President Rodrigo Duterte has signed a law mandating government agencies to investigate and conduct intelligence gathering and surveillance on suspected human traffickers within 10 days after filing a case against them.
Malacanang said the new measure is provided for under the Expanded Anti-Trafficking in Persons Act signed by Duterte last June 23.
Meanwhile, the Bureau of Immigration (BI) renewed its warning against trafficking syndicates who prey on children, women, and overseas workers bound to Middle East and Gulf regions.
BI Commissioner Jaime Morente aired the reminder following recent foreign news involving Indian women who were illegally trafficked and rescued from inhumane conditions in Kuwait.
He said the incident only proves that trafficking remains a global issue that must be addressed.
Under the new law, concerned government agencies can conduct the probe based on the statements, reports, reports, or affidavits executed by human trafficking victims, migrant workers, or their families, internet intermediaries, and other persons who have personal knowledge or information about possible violations of the law, including the private sector.
The new law also said that a law enforcement official may, upon a written order from the Regional Trial Court, track, intercept, view, monitor, listen to, and record involving at least one person charged with, suspected or reasonably believed to have committed violations under the Anti-Trafficking Law.
The suspects may have done so with the use of any mode, form, kind, or type of electronic or intercepting devices, any communications, information or messages, including procurement of content data transmitted by means of a computer system, or with the use of any other suitable ways and means.
However, a court order will not be required when the victim is a child and the offense involves the use of computer systems and digital platforms.
“The non-requirement of a court order allows the law enforcement officer acting as an undercover to intercept communication with a person reasonably believed to have committed, is committing, or about to commit any of the violations described under the Act.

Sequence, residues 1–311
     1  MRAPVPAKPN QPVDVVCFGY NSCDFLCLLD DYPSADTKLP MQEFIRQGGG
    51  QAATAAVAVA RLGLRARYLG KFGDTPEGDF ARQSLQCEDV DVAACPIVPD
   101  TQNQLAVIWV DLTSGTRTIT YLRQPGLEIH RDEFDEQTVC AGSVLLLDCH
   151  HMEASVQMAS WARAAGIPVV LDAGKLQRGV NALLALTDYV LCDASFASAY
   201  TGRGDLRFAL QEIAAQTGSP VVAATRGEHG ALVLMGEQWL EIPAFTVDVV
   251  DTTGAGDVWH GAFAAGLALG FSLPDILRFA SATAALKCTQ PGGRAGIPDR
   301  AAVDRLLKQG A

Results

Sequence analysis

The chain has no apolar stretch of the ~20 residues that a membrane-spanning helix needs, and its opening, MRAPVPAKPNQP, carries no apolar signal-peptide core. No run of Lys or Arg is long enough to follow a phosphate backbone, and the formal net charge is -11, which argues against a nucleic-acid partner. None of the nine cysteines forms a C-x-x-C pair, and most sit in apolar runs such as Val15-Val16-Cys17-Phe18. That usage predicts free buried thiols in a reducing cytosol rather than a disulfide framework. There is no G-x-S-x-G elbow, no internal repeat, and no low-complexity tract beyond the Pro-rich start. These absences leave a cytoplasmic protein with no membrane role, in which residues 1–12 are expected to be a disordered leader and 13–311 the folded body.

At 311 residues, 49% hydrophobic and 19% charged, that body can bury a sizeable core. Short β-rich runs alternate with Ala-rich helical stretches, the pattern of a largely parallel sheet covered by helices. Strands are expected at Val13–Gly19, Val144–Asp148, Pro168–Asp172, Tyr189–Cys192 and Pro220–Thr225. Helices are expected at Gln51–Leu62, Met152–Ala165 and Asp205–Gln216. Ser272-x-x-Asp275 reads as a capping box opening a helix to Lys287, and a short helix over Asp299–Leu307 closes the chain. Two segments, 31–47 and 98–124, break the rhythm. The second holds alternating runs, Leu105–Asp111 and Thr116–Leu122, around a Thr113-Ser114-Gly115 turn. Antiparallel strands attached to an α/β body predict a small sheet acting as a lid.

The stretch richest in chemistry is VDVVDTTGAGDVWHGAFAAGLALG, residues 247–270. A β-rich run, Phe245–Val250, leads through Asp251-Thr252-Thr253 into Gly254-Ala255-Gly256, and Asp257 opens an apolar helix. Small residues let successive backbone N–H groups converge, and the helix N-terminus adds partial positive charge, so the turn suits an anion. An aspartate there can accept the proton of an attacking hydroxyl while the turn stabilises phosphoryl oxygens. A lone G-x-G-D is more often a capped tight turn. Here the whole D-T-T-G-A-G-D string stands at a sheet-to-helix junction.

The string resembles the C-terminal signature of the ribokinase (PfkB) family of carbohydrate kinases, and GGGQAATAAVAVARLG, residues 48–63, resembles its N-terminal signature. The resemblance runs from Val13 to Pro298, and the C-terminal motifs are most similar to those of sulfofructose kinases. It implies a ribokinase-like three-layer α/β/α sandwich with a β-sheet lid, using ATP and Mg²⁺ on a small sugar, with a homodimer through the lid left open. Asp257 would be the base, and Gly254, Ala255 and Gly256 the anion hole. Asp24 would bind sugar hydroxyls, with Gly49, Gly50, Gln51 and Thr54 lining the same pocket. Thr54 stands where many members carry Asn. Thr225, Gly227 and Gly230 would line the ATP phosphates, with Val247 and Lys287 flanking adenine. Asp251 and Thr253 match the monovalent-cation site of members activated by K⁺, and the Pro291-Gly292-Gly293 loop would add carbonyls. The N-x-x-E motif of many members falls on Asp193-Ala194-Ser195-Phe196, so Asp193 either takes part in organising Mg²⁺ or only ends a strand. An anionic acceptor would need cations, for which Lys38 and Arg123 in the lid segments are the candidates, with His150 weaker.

This is provided that notwithstanding the procedure in this provision, a law enforcement officer “will not be precluded from obtaining a warrant to intercept computer data under the rule on cybercrime warrants,” the law said.
The Philippines is currently ranked as a Tier 1 country by the US Department of State, meaning that it fully meets the minimum standards for the elimination of trafficking.
The Philippines is identified as a source, transit, and destination country for men, women, and children trafficked for the purposes of sexual exploitation and forced labor.
“It is important that we do not take the issue of human trafficking lightly. This modern-day slavery is still very rampant, and it is happening both here and in other parts of the world,” the BI chief added.
According to Morente, human traffickers usually lure their victims under the pretext of lucrative jobs overseas, without securing legal documentation.
“As a result, those victims of human trafficking are led up to experience compensation issues, or worse — mental and physical abuse abroad,” the BI chief lamented.
BI Travel Control and Enforcement Unit (TCEU) Head Timotea Barizo then reminded the public to remain vigilant against persons offering jobs in Middle Eastern countries where high-paying jobs are supposedly waiting for them.
“Aspiring OFWs should practice caution and transact only with persons and agencies accredited by the government. If caught, those illegal recruiters and human traffickers are doomed to face imprisonment,” she said.
In 2021, the BI has endorsed a total of 491 travelers to the Inter-Agency Council Against Trafficking (IACAT) as possible victims of human trafficking.